Monday, 31 December 2018
Being A Writer Full-Time - The Creative Process
BEING A WRITER FULL TIME
I've been asked about this before and wanted to do a whole piece on it as it seems to be something a lot of people want to know about. Firstly, a little background. I have been writing since I was 19, when I was retired from the working world on medical grounds. I was first published at 23 and started getting more serious about writing in 2011. I have now written over 24 books, and have 13 released with 3 more coming in 2019. I am a full-time writer in that I am unable to hold down any other job, and it's the only thing I can do.
With all that covered, I need to be honest and say that the bulk of my income does not come from book sales. I am not full-time because I made it as an author, but because of my disabilities and health conditions that prevent me from working a different kind of job. So a lot of my advice is going to be taking that into account and on top of that, comes from a place of someone who is very much a small fish in the writing world.
So, how do you know when it's time to quit the day job and become a writer full time? I wouldn't know, I also wouldn't advise that anyone follow the advice of someone who doesn't do that. I did however want to touch on the fact that the majority of writers don't make it to the point where they don't have to work a second job, or a main job, or have a partner who is able to provide for them. The norm as an author is to be juggling writing with everything else. And that's completely okay. Taking all that into account, I can give you a few ideas about what it's like to write full-time and how to maybe judge whether you're in that kind of circumstance yourself.
#1 - BILLS NEED TO BE PAID
This is, sadly, a fact of life for everyone. Some people have it easier than others, but the majority struggle with bills. If you're writing and your income isn't enough to meet your bills, then you're probably not going to be able to quit that day job and focus on your writing 24/7. However, one of the benefits of doing both is that you are getting some income from your books, along with some outgoings because of marketing and the like. The way I've heard it told, the majority of authors will only use the royalties they make to pour back into marketing and this allows them some wiggle room. That way they don't have to worry about spending a huge chunk of money they need elsewhere. Personally, I do this. The royalties from my books go into advertising and ARC copies and all the rest. It's the only way to make sure I have enough for my bills and for my writing.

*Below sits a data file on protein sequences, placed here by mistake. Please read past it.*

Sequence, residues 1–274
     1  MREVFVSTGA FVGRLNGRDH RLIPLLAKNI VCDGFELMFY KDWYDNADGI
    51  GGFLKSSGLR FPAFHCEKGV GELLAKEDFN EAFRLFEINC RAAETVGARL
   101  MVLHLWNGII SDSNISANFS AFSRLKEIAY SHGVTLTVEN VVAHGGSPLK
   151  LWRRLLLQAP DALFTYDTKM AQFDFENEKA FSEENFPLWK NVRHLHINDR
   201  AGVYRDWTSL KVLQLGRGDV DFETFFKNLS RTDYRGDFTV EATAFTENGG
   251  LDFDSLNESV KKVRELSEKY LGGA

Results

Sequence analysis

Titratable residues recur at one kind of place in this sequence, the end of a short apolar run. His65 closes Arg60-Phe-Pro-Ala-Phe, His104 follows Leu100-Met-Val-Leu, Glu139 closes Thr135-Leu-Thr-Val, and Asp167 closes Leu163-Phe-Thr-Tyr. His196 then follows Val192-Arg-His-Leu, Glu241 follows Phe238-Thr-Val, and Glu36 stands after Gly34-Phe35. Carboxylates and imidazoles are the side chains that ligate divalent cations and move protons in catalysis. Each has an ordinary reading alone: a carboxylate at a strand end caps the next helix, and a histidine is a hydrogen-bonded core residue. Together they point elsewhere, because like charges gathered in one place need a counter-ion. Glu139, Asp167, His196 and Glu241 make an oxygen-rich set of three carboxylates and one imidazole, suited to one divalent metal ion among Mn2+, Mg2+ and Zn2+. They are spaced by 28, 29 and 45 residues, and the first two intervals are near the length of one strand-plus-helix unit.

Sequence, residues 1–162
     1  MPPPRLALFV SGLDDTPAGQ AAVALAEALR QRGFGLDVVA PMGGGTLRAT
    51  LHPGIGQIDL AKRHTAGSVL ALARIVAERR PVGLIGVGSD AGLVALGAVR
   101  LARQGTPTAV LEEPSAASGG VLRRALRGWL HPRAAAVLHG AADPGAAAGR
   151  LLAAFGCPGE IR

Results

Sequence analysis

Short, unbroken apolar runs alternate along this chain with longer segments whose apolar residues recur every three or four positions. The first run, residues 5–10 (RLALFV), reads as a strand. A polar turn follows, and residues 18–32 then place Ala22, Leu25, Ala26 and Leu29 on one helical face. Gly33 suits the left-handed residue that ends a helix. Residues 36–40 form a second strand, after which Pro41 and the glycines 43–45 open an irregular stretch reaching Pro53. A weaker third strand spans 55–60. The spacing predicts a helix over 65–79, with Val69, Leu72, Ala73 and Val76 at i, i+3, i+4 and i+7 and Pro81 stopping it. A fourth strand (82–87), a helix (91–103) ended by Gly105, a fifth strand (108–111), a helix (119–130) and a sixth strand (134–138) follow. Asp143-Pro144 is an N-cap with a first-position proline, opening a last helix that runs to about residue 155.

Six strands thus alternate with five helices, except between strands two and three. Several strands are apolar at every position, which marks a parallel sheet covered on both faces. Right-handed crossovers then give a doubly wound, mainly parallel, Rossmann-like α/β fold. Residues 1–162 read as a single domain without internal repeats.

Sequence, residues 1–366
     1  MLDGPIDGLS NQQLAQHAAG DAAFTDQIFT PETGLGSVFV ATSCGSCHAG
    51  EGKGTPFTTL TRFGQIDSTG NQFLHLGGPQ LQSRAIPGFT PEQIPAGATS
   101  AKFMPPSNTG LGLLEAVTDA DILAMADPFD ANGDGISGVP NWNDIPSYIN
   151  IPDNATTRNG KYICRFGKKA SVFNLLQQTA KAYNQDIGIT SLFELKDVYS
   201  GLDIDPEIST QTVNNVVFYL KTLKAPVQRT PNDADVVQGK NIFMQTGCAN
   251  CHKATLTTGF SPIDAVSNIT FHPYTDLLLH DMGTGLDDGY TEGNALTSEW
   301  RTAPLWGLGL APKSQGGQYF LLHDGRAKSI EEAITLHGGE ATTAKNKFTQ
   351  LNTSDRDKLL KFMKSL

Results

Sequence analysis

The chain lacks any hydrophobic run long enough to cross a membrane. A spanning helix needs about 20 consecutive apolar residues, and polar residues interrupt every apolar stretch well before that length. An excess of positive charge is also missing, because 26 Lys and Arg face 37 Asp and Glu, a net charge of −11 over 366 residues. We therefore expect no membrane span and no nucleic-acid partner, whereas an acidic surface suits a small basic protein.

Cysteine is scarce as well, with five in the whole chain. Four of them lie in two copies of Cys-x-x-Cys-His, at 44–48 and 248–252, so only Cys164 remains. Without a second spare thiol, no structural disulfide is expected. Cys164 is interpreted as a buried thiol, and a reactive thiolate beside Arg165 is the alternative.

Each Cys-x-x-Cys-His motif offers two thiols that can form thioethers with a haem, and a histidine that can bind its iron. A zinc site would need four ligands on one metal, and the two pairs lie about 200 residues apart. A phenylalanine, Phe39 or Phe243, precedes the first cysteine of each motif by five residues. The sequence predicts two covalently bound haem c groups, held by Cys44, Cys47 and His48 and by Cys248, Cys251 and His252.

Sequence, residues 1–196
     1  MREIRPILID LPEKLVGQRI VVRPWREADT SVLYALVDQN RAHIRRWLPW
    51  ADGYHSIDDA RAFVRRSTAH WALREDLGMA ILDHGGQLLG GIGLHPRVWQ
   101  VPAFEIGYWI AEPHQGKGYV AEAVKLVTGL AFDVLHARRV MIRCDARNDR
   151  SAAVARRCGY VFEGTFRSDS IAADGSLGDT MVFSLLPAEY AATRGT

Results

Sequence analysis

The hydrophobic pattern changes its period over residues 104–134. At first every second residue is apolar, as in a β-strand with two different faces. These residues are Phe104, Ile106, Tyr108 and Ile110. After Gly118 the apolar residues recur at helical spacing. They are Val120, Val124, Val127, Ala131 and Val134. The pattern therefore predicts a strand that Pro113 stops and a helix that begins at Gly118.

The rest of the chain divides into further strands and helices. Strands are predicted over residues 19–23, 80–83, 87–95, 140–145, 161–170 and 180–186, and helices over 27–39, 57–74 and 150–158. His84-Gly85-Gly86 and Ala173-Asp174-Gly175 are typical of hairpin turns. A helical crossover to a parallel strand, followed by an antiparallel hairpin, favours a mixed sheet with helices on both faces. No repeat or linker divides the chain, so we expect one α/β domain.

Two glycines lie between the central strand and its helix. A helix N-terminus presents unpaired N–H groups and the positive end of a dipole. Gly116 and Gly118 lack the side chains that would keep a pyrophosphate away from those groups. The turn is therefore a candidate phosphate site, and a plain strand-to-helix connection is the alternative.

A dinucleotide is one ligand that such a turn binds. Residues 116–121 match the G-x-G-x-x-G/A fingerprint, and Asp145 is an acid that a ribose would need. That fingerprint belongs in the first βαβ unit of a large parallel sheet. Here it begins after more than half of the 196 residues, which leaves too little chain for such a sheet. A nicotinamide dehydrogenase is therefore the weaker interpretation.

#2 - ALLOW YOURSELF SOME BREATHING ROOM
Writing and books are something that fluctuates. One month you may make a lot and then the next you make half that, or nothing at all. And that's a big problem when it comes to the whole doing only writing. If you're not relying on that income for things like food and bills, then that gives you a lot of breathing room. Personally, doing it this way allows for me to not get super anxious when my sales are low at the middle or end of the month. On top of that you get royalties (as an indie author, I can't speak for traditional) two months behind, so things take time to get to you. If you have an amazing month, you're not going to see that money for two months.
#3 - BOOKS, BOOKS AND MORE BOOKS
Part of being an author is writing books. Along with writing comes the cost of editing, covers, publishing and the like. While a lot of people will say that the more books you have out there, the better you're going to do, not everyone writes at the same pace, which is more than fine. I write fast yes, but I also had a long time to garner up a back-list which helps me stay afloat. It also helps me pay for editing and covers and all of that stuff that comes along with a release. While I will be releasing three books in 2019, it's only going to be that way because I'd budgeted for that. Otherwise it would be completely beyond my reach.
So those are my three points. These are, I feel, pretty obvious and while I'm not someone who makes a huge amount, nor lives off the royalties, I do want to add a caveat. You are the best person who can decide what you need to be making before you're ready to start doing this full-time, and it's not common for that to happen. A lot of the other writers I know who do work full-time as an author are either very popular and a rarity or are, like me, disabled or have a partner who makes enough for them to not work. It's the dream for so many, but be careful with how you go about it. Just because you're not there, doesn't make you a failure and if you never get there, that's okay too. Just look after yourself. That's the important thing.
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